Organ donor’s family meets recipients year after death
Correction: This story has been updated to say that Ryan Anderson is from Traverse City. An earlier version misstated his hometown.
Ann Arbor — Laurie Anderson wrote her first letter a month after her son died, hoping to meet the recipients of his organ donations. Almost a year after his death, she found closure hearing his heart beat in another’s chest.
Ryan Anderson of Traverse City was 33 when he died of a drug overdose Feb. 1. Through anonymous letters sent by Gift of Life, his family met the recipients of his heart and lungs on Saturday.
Ryan wasn’t on the organ donor registry but his family believes he would have wanted to save others. Five people received six of his organs. Bone and bone marrow also were donated.
“His heart was huge, he’d do anything for anyone ... he was generous to a fault,” said Laurie Anderson.
The Anderson family — his mother and her husband, Rick Wilkins; brother Eric Anderson and his girlfriend, Lyndsay Arbuckle; and his cousin Chris Burns were overcome with emotion after meeting Peter Archangel of Plymouth and Joel Renauer of Temperance at the Gift of Life Michigan center.
Archangel received Anderson’s heart and Renauer now breathes through Anderson’s lungs. His kidneys went to a 33-year-old woman and a 27-year-old male. A 48-year-old woman received his liver.
“I thought all week, what am I going to say to them? Thank you is just not enough,” said Archangel.
Archangel, 64, was diagnosed with congestive heart failure in June 2005. He recently spent two weeks in the intensive care unit with his wife, Priscilla, praying for a miracle.
“They came in the room and started clapping around 1 a.m. after I had left and when I got that call, I knew ... it would be another 10-hour surgery we’d have to make it through,” said Priscilla Archangel, 56.
The Anderson family was able to meet and talk with the recipients of Ryan Anderson’s organs nearly a year after his death. Sarah Rahal / The Detroit News
Renauer, 66, was a factory worker for 40 years and was a certified scuba diver before doctors found scarring on his lungs. He spent five months on the waiting list with an oxygen tank by his side before his wife, Lora Renauer, awoke to a call. She said they had the bag partially packed, knowing they had only an hour to get to the hospital for his 14-hour surgery.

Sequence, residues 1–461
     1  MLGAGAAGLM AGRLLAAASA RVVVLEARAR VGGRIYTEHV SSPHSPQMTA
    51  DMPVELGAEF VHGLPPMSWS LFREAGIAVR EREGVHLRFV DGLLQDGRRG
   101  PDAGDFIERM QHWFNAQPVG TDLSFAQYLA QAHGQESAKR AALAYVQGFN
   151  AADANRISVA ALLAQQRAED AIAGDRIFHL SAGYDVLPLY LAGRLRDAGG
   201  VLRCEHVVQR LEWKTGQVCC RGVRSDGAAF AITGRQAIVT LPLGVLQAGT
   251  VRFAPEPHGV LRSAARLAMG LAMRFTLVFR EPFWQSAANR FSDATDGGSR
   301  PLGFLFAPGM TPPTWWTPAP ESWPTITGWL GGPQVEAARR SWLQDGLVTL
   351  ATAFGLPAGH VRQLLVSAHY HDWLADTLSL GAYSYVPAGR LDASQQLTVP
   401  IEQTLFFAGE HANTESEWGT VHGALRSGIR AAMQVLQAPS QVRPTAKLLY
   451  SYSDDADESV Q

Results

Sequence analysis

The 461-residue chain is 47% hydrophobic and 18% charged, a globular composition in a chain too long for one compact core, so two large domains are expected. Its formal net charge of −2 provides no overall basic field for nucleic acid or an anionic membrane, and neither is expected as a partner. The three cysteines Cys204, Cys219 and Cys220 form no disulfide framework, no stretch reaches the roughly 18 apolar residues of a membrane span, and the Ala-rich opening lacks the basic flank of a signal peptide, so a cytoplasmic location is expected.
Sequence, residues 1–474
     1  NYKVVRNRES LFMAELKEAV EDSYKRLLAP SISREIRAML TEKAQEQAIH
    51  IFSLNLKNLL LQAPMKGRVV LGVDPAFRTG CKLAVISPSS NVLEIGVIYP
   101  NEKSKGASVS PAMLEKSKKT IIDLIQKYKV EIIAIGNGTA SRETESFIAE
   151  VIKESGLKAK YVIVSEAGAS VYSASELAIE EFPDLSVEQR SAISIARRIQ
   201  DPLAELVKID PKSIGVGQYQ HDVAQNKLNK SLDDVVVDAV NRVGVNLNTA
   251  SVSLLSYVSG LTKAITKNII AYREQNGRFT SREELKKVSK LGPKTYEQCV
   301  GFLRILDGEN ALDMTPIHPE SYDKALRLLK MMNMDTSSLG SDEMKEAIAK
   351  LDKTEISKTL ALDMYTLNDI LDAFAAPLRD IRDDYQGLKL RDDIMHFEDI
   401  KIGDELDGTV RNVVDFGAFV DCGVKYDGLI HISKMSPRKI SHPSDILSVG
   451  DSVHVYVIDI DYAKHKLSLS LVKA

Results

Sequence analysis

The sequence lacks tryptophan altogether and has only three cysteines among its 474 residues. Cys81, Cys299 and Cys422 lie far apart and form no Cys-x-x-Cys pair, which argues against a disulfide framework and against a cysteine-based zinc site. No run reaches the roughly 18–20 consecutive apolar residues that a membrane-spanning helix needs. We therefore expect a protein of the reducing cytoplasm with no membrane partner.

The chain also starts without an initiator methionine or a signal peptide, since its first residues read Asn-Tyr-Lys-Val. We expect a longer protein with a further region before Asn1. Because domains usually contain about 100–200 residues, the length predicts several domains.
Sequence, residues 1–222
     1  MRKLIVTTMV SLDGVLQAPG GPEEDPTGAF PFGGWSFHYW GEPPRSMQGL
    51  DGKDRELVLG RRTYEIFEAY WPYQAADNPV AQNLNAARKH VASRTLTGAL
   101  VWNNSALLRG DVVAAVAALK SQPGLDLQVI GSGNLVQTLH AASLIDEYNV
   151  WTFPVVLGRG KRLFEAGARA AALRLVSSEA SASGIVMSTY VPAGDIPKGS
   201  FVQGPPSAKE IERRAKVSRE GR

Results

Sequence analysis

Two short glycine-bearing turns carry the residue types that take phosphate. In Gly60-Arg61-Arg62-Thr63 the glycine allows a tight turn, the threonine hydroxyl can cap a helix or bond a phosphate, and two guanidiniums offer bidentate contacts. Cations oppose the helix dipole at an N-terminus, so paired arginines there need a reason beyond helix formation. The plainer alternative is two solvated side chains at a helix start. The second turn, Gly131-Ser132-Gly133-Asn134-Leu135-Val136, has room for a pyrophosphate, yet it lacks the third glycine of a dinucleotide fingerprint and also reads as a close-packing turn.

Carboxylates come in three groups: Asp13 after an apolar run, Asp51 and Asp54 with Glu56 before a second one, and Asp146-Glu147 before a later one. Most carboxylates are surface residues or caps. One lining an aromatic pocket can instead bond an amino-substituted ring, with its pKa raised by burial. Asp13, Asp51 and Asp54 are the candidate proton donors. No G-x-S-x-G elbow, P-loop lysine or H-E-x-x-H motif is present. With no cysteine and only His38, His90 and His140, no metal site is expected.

To join the Michigan Organ Donor Registry or for information, visit giftoflifemichigan.org.
'Someone else was saved because of my son'
Ryan Anderson’s mother Laurie found him unresponsive in bed on Jan. 30. She was unable to resuscitate him and quickly called an ambulance to Munson Hospital in Traverse City, where doctors said he overdosed on opioids.
While the recipients prepared for their surgeries, Ryan’s family reflected on how wonderful his life was. He was a graduate of Novi High School and received a degree in advertising from Michigan State University. He had a love for the culinary arts and worked in two four-star restaurants, including for chef Shawn Loving.
“Shawn would come out and tell me, ‘Your son has some natural raw talent.’ I asked, how do you know? and he said: ‘By the way he holds his knives, that is a talent you can’t teach,’ ” said Laurie Anderson. “He always said he wanted to own a five-star restaurant ... he catered his entire graduation party and it was beautiful.”
He and his older brother Eric Anderson, three years apart in age, were close. Eric was anxious before the recipients arrived on Saturday but cried with joy to feel his brother’s heart.
“I was just really nervous. We lost him unexpectedly and I've suppressed those feelings. Now they’re all coming up again. We miss him,” he said.
Laurie Anderson said it wasn’t until Ryan was officially brain dead that they remembered to donate his organs. She said it took two days to prepare his body, and that offered her family more time to say goodbye. Eric Anderson did not leave his brother’s side until the ambulance was ready to transfer him to an Ann Arbor hospital for the transplant.
“It was then Eric thought, ‘I’m not sending my brother to Ann Arbor without his MSU gear on.’ So, we wrapped him in his Spartans scarf and hat and all walked down the hallway together,” said Laurie Anderson.
“It was hard for me until I received a letter from Priscilla saying thank you and that when she found out there was a heart, she ran back to the hospital and her and Peter held each other until the sun came up. That’s when my grief turned into joy knowing someone else was saved because of my son.”
‘Meeting them filled a hole’
Joel Renauer said when they received the anonymous letter through Gift of Life saying Laurie Anderson wanted to meet him, he was so excited because he also was curious about who his donor was.
“I thought, I can’t believe they’re trying to heal so fast. I wasn’t told anything about him but I was anxious and excited. I took a deep breath through his lungs and wrote back,” said Renauer.
The process of sending letters through Gift of Life takes months. Laurie Anderson received a reply four months after her initial letter and the families met t 10 months later. Gift of Life officials said they give time for both families to heal and consider it. Some choose not to meet or “relive the grief they experienced,” but for many, it provides closure.
The two families exchanged gifts and stories and left with an extended connection, happy they were both given the opportunity. Laurie Anderson said she didn’t expect to cry hearing them come up the elevator and if she had the opportunity to go back in time, she wouldn’t change a thing.
“I tell my wife I have the heart of a 30-year-old but I still have 60-year-old legs,” said Archangel. “Meeting them filled a hole inside me I didn’t know was there.”